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Where myth and archaeology meet: Discovering the Gorgon Medusa's Lair.

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Gutierrez Lopez, Jose Maria  ORCID logo
Reinoso Del Rio, M Cristina 
Saez Romero, Antonio M  ORCID logo
Giles Guzman, Francisco  ORCID logo


Here we report the discovery of ceramic fragments that form part of a Gorgoneion, a ceramic image representation of the Gorgon Medusa. The fragments were found in a deep part of Gorham's Cave, well known to ancient mariners as a natural shrine, between the 8th and 2nd century BCE. We discuss the context of this discovery, both within the inner topography of the cave itself, and also the broader geographical context. The discovery is situated at the extreme western end of the Mediterranean Sea, where it meets the Atlantic Ocean. The location was known to ancient mariners as the northern Pillar of Herakles, which marked the end of the known world. We relate the discovery, and its geographical and chronological context, to Greek legends that situated the lair of the Gorgon sisters at a location which coincides with the physical attributes and geographical position of Gorham's Cave. We thus provide, uniquely, a geographical and archaeological context to the myth of Perseus and the slaying of the Gorgon Medusa.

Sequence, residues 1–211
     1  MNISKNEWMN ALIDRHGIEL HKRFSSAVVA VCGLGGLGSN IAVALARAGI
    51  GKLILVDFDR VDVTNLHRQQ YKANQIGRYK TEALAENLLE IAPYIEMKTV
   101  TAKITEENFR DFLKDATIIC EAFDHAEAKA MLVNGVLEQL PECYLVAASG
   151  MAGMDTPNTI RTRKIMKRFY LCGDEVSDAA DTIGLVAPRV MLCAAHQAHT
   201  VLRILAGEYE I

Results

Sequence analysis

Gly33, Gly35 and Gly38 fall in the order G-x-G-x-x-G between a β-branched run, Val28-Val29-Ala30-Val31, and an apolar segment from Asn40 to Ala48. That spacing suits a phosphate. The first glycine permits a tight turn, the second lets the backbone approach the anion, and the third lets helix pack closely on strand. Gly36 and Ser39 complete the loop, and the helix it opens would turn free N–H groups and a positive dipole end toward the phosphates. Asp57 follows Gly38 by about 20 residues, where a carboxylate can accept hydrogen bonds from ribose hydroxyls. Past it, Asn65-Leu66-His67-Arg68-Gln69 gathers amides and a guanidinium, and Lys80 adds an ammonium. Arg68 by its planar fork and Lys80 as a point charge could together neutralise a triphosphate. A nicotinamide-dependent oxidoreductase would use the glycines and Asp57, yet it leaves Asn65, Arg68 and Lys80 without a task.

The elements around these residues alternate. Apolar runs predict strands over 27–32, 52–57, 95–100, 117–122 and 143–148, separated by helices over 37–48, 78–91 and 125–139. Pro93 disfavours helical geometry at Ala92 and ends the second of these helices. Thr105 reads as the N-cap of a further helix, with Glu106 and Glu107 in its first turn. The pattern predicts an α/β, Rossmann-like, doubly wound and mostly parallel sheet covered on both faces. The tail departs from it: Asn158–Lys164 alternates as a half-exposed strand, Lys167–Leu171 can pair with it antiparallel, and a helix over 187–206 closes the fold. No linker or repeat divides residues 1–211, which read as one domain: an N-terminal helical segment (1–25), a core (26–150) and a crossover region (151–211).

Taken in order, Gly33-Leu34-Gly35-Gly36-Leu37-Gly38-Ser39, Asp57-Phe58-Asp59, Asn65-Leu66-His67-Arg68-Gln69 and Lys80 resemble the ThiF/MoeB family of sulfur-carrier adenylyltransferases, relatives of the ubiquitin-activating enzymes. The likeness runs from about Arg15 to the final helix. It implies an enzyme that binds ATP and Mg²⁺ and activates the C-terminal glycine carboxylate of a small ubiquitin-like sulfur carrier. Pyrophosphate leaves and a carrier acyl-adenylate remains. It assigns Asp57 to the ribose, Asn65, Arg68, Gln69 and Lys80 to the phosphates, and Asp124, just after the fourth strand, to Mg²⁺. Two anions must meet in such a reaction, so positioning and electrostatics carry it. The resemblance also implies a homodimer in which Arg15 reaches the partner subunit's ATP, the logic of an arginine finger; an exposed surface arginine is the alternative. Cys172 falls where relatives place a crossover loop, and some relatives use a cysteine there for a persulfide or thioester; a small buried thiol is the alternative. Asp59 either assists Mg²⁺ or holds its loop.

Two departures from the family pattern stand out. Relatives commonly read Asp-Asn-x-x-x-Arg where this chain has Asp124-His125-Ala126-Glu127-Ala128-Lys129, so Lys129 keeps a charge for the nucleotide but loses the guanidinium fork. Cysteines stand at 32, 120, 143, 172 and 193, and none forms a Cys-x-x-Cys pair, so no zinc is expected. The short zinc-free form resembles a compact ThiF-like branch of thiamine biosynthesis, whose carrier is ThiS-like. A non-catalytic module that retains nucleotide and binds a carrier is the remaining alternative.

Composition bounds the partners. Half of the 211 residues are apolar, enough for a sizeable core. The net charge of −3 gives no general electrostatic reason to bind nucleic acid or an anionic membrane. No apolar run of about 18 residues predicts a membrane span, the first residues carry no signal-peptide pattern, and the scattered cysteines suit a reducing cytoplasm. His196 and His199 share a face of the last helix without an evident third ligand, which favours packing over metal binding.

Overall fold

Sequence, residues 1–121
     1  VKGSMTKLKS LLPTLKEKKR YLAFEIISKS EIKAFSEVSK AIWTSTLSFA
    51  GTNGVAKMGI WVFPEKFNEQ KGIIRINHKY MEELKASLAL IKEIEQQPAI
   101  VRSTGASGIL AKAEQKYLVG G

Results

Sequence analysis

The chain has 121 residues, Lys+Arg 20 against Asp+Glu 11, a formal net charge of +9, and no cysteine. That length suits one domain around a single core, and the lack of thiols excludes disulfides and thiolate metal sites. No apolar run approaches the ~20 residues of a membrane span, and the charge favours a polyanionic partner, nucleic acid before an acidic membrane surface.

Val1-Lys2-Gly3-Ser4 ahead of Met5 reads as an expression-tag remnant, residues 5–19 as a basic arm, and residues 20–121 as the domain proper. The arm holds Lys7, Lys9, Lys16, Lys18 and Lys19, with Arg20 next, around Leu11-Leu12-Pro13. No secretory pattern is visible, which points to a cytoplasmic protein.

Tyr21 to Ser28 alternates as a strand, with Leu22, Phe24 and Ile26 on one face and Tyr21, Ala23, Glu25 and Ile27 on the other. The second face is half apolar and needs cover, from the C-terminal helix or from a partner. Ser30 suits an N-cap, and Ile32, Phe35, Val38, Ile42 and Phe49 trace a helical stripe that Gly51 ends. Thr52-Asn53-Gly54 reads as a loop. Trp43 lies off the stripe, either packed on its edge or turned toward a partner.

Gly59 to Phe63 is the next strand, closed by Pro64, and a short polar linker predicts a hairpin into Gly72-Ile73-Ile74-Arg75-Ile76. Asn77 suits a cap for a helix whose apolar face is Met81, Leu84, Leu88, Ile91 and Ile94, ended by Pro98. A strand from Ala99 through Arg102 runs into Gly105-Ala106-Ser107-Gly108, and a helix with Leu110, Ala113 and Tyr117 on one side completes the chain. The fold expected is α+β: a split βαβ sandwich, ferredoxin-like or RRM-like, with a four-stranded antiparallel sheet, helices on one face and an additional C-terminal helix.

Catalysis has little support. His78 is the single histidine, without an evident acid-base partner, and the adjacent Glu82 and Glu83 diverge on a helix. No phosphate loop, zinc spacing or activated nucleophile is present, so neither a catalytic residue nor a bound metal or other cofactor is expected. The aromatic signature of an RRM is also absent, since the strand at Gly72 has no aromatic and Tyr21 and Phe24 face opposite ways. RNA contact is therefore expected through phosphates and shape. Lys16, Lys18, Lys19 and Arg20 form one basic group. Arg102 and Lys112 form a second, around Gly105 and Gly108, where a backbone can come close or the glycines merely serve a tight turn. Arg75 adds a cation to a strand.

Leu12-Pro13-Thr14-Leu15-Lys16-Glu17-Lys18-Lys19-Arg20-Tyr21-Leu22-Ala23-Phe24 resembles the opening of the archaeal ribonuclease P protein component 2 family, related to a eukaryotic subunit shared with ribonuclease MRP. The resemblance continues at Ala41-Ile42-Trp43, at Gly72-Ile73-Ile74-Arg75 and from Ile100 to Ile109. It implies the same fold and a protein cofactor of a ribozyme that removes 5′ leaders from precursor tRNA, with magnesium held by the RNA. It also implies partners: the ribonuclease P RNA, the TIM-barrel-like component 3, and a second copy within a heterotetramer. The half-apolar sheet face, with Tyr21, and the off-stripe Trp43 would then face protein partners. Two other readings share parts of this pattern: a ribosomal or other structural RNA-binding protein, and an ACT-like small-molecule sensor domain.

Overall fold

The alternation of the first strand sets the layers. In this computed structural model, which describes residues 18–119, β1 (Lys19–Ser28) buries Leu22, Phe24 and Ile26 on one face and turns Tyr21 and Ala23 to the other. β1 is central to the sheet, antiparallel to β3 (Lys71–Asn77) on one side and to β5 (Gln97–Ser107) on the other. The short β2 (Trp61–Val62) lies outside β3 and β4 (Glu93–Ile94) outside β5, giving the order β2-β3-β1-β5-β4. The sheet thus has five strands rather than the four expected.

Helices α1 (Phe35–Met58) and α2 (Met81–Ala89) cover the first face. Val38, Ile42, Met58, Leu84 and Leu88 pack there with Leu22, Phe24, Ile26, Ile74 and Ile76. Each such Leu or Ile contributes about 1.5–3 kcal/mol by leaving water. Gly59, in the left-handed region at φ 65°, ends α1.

Archaeology, Caves, Ceramics, Humans

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PLoS One

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Public Library of Science (PLoS)